The ongoing capital campaign that makes this work possible is among the largest such campaigns underway in the U.S. museum world. Not all have moved smoothly.
The Metropolitan Museum of Art in New York City has suspended a $600 million campaign that failed to ignite much donor enthusiasm. In Los Angeles, the Los Angeles County Museum of Art’s $650 million campaign to fund expansion has been stuck about $90 million short of its goal.
In Philadelphia, fund-raising has been "slow and steady and constant over time,” Rub said.
Leslie Anne Miller, chair of the museum’s board of trustees, said the success of the campaign, officially labeled “It Starts Here," is the result of “a team effort.” But even more than that, she said, it has been “successful because of the museum itself, for what it represents for the city, the region, and beyond.”
A wider donor base
Rub noted that the average age of museum visitors has now dropped below 40, and the number of first-time visitors is on the rise. Compared with past fund-raising drives, he said, the donor base appears to represent wider community interest and an influx of non-billionaire donors.
Lisa Getzfrid, a health-care and insurance executive who has given small amounts to the museum in the past, was moved to make a bigger commitment to the current campaign.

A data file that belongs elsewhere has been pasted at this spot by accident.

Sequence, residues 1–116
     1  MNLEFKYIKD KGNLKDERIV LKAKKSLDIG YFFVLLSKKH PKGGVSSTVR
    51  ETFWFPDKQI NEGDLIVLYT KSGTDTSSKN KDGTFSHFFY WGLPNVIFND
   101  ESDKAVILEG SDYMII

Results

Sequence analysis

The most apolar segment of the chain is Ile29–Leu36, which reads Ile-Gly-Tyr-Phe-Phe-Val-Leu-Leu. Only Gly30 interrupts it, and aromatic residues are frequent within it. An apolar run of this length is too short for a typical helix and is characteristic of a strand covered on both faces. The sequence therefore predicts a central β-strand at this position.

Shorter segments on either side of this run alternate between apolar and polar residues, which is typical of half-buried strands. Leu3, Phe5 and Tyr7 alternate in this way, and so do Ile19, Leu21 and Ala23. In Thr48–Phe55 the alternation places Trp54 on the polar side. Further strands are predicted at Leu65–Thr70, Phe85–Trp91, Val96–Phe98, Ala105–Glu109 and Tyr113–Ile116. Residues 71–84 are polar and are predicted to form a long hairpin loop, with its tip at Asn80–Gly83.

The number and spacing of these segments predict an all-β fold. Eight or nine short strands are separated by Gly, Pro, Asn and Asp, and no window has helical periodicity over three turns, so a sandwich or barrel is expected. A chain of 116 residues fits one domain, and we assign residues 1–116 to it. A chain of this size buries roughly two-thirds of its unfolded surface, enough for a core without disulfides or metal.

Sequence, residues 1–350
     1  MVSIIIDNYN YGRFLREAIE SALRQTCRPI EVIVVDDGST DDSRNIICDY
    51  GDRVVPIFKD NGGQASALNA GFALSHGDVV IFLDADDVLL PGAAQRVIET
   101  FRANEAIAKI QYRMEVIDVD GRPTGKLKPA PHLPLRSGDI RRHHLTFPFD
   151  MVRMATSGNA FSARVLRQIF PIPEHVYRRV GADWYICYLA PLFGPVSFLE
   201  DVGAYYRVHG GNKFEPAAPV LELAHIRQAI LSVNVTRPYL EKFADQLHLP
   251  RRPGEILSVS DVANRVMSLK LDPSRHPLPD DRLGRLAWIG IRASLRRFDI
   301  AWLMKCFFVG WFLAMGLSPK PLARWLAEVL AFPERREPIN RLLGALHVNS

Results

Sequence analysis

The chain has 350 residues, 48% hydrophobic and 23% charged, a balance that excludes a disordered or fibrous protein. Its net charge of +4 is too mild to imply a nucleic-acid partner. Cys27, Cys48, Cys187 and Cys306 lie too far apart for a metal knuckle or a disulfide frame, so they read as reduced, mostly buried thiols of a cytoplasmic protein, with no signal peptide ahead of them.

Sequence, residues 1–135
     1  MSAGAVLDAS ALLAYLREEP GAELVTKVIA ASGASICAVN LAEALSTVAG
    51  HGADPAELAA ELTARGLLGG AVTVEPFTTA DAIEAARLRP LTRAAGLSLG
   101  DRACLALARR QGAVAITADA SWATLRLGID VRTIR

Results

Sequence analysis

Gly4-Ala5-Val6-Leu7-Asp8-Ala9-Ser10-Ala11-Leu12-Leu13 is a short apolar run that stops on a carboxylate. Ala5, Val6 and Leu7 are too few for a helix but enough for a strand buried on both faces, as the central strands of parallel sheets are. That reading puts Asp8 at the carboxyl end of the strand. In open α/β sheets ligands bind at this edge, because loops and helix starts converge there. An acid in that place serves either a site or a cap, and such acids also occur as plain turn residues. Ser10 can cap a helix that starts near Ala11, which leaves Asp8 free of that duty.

She is not a megadonor, but her gift — one of the $50,000-plus contributions — is aimed right at support for the museum’s educational efforts, which she sees as increasingly important for the city’s children and young people. (Specifically, she is contributing to the museum and schools education endowment and will establish the Getzfrid Family Fund, an endowed fund supporting K-12 programs at the museum in perpetuity.)
Speaking with museum staff helped her clarify what it is she wanted to do. “They work with individual contributors,” she said, “asking, ‘What is meaningful for you?’ I’m not a Rockefeller. I don’t have a lot of experience with this.”
The six donors that have contributed between $10 million and $25 million to the “It Starts Here” campaign are the Daniel W. Dietrich II Foundation; Katherine Sachs, cochair of the campaign, and the late Keith L. Sachs, a longtime trustee; campaign cochair David Haas; and board chair Miller and her husband, Richard Worley.
The city and the state are also major contributors to capital efforts. Museum officials said the state is in for $8 million and the city, which actually owns the Art Museum buildings, has committed $32.5 million over six years.